Here is the geometric mean of all the results before digging into the individual data points, but as you can see mitigations=off was of noticeably help to the older Kaby Lake R and Whiskey Lake processors, previous-generation Ice Lake was of some help but less given more hardware mitigations, and now with Tiger Lake the tables have turned where disabling the mitigations actually hurt the performance.

More in Tux Machines

Chafa 1.6.0: Wider

Here’s another one from the terminal graphics extravaganza dept: Chafa 1.6.0 brings fullwidth character support, so in addition to the usual block elements and ASCII art, you now get some mean CJK art too. Or grab as many fonts as you can and combine all of the Unicode into one big glorious mess. Chafa can efficiently distinguish between thousands of symbols, so it also runs fast enough for animations — up to a point. Since some users want this in environments where it’s not practical to build from source or even to have nice things like GLib, I’ve started adding statically linked builds. These are pretty bare-bones (fewer image loaders, no man page), so look to your steadfast distribution first. Speaking of distributions, a big thank you to the packagers. Special thanks go to Florian Viehweger for getting in touch re. adding it to OpenBSD ports, and Mo Zhou (Debian), Michael Vetter (openSUSE), Herby Gillot (MacPorts), @chenrui and Carlo Cabrera (Homebrew) for getting 1.6 out there before I could even finish this post. Read more

ClusBerry 9500-CM4 – A Raspberry Pi CM4 cluster, industrial style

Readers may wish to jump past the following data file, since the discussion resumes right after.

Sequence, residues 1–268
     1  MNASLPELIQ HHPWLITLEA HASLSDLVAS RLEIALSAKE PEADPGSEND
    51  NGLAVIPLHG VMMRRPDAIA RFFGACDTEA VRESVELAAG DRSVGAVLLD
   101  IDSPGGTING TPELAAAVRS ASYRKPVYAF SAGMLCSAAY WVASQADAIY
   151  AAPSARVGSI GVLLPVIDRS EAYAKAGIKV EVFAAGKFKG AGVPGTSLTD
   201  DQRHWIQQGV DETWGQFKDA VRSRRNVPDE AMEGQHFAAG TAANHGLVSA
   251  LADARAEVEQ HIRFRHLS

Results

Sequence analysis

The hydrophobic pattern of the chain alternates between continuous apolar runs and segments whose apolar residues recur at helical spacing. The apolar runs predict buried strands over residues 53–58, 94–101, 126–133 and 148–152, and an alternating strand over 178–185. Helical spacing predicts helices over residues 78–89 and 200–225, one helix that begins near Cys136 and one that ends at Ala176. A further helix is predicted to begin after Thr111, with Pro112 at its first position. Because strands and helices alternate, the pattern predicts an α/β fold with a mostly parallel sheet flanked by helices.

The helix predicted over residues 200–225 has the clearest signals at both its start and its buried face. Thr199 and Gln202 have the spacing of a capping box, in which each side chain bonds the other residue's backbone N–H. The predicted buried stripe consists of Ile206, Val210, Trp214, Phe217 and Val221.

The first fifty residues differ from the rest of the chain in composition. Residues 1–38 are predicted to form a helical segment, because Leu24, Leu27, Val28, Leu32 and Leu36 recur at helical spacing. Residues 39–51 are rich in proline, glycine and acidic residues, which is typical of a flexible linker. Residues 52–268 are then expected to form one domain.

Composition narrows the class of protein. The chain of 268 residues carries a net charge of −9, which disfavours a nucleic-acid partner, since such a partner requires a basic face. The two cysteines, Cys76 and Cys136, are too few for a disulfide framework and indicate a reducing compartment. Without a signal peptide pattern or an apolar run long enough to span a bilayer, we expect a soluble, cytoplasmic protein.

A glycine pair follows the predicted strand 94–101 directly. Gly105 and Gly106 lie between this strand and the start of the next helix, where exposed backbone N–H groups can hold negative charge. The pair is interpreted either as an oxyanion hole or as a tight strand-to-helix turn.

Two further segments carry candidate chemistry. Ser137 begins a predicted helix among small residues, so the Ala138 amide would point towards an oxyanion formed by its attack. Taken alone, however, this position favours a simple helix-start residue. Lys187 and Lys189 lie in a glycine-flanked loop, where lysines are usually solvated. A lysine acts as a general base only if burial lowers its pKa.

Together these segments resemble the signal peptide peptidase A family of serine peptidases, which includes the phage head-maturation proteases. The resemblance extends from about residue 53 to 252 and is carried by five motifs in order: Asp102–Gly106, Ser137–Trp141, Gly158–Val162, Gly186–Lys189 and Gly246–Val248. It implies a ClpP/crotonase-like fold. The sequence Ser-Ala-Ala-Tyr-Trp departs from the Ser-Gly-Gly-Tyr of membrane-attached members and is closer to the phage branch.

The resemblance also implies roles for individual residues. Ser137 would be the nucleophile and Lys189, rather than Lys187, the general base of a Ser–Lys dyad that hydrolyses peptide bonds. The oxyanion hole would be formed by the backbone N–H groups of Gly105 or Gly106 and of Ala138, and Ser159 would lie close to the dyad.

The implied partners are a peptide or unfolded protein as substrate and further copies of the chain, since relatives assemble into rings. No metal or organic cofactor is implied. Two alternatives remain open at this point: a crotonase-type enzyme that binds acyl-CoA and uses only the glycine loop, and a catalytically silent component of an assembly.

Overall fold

Raspberry Pi cluster boards / solutions pop-up from time to time. But so far, I think we’ve seen only one based on Raspberry Pi CM4 modules with the upcoming Turing Pi 2 mini-ITX cluster board supporting four of those. TECHBASE has now unveiled a different kind of Raspberry Pi CM4 cluster with ClusBerry 9500-CM4 integrating up to eight Raspberry Pi Computer Module 4 in a DIN-Rail housing for industrial applications. Read more

Rotary Un-Smartphone is a rotary dial phone based on Arduino, 4G LTE module

If you feel nostalgic and misses the days of the rotary dial phone, Sky’s Edge “Rotary Un-Smartphone” is an open-source hardware rotary dial phone controlled by an Arduino board and equipped with a multi-mode 4G/3G/2G module. It’s a bit more advanced that you old rotary phone with recent cellular technology, ePaper & OLED displays, quick dialing buttons, and the rotary dial can both be used to dial full phone number or quickly access your contact list. Read more Also: 42Gears SureMDM Simplifies Setting up Kiosk Mode on Linux Devices

today's howtos

  • How to kill all user sessions on Linux using shell script

    There are multiple ways to automate the system administrator task on Linux. It drastically reduces human efforts and saves reasonable time. shell script is one of the methods to automate frequent jobs. For a scenario, you want to run a weekly job or EOD job to populate some data for reporting purposes. To do so, you need to kill all ssh sessions that are currently accessing the application on the system before beginning the job.

  • How to install GSnap in Audacity on a Chromebook - VST Plugins

    Today we are looking at how to install GSnap, a free VST plugin, in Audacity on a Chromebook. Please follow the video/audio guide as a tutorial where we explain the process step by step and use the commands below. If you have any questions, please contact us via a YouTube comment and we would be happy to assist you!

  • How to Install GitLab on Debian 10 (Buster)

    GitLab is a free and opensource front-end Git repository that features a Wiki and an issue tracking feature. It allows you to host Git repositories on your own server and setup DevOps platform. In this guide, we are going to install GitLab CE (Community Edition) on Debian 10 (Buster) system.

  • Unix Tutorial - Annual Digest - 2020

    Wow, 2020 just flew by! With one lockdown after another, most of the year was spent working from home and checking local government websites for guidance around when schools and after-schools would re-open. I didn’t blog as much as I hoped but stayed sane and otherwise productive - so can’t complain much about 2020.